While sin effects can range from major to minor and often times are overlooked they ultimately are against God at it’s core. (Psalm 51:4) Temptation however is the alluring call to sin that provides foothold into one’s life if they are to accept fellowship with it but is not sin. Jesus is counted as being he who knows no sin but became sin upon the cross for all but is tempted himself in the wilderness in Matthew 4, and Luke 4 the account of which Christ is confronted by sin that offers him temptations that go against the grain offering short cuts in his ministry and are crossless means in which of winning over the world trumping God’s override and destruction of his image bearers.
Jesus himself is the fulfillment of over 300 prophesies concerning his coming, his virgin birth, his life, his ministry, death, and resurrection leading up to the day of the Lord in accurate detail. Jesus is presented as the second member of the trinity as he has provided characteristics in his coming that he only can have in common with God himself that being his omnipotence as he is able to read minds (Mt. 9:4), walk on water (Mt. 14:22-33), raises the dead (Mark 5:21-43, Luke 7:11-17, John 11:1-44) performs miracles having two members of the trinity present at his baptism, providing testimony to his credentials as God. He is also revealed in the transfiguration as being God to his disciples as they are shown Moses, and Elijah in the presence of Jesus transfigured before God the father. (Matthew 17) The evidence surrounding Jesus being fully God and fully man is documented and witnessed by those present and heavenly hosts who proclaimed his coming to the surrounding public. His presence as the messiah sent by God even confirmed being presented at the temple in Luke Chapter 2 the scriptures themselves are presented as the inerrant testimony of God breathed out (2 Tim. 3:16). So the argument of Jesus’s divinity is undeniable, and his birth his capacity to feel and relate in weakness to man is also before us in the scripture that as he lived, breathed, and ate he was fully God and there is no separating the two pieces of Christ’s person.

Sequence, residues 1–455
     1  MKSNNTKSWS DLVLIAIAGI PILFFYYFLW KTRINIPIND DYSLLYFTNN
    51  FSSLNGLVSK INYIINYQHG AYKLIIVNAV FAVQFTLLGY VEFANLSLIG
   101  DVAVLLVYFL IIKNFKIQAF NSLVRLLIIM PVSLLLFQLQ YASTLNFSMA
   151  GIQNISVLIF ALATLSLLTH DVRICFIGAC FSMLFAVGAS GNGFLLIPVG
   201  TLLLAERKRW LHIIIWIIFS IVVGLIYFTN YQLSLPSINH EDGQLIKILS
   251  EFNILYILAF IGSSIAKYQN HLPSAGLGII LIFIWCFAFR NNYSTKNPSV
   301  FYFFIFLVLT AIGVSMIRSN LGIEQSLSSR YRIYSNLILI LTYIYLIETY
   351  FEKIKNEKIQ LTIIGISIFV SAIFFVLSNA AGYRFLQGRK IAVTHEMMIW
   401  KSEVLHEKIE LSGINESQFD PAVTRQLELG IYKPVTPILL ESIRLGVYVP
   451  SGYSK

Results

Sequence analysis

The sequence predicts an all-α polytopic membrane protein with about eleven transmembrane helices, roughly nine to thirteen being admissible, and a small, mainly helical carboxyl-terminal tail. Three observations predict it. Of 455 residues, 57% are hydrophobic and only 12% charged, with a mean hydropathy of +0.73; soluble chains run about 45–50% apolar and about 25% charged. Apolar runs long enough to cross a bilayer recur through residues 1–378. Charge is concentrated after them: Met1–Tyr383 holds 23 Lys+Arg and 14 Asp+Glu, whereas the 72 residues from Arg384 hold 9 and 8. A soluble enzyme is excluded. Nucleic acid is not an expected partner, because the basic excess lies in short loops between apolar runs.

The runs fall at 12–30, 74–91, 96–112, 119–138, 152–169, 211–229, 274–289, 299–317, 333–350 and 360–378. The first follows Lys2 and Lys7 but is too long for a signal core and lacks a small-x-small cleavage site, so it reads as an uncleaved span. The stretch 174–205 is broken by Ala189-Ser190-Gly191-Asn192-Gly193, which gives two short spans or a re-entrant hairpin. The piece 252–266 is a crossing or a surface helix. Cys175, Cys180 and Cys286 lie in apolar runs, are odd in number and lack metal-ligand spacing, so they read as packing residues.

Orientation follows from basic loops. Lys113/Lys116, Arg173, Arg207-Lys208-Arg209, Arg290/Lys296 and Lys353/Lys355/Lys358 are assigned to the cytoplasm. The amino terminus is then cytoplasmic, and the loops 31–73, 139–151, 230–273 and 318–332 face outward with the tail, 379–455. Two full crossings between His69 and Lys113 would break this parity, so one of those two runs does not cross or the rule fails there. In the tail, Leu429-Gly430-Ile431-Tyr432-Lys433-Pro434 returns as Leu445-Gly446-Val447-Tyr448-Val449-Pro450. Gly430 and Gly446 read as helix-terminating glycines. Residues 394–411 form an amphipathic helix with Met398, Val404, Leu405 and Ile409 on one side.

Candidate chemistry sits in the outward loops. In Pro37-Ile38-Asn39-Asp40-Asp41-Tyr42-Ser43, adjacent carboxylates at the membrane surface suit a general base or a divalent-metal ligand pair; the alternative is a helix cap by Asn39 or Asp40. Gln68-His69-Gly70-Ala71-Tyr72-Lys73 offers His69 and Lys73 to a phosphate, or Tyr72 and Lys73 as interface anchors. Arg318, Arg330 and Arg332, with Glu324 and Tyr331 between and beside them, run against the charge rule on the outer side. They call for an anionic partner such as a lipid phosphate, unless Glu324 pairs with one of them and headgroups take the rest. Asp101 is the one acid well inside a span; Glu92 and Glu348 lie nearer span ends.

So how then can Christ as being fully God and man be tempted even if he doesn’t carry the curse, and mark of sin?
God is sovereign and is the same God that under his sovereignty oversaw indirectly Satan enter into the garden to tempted Adam and Eve. Is the same sovereign God that would allow himself to be tempted in the same weakness that brought him low to save his beloved creation while Jesus was fully God he is complete with personality and has displayed full spectrum of emotions, and desires to do the will of the father whom had sent him. As Jesus did not know sin as the first Adam pre-fall didn’t know it either was still armed with the same knowledge of identity, commands from God wasn’t tempted by the normal things that the natural man could be tempted by women, fame, money, finite power the things that sin offers one to gain in place of God as the object of the worship.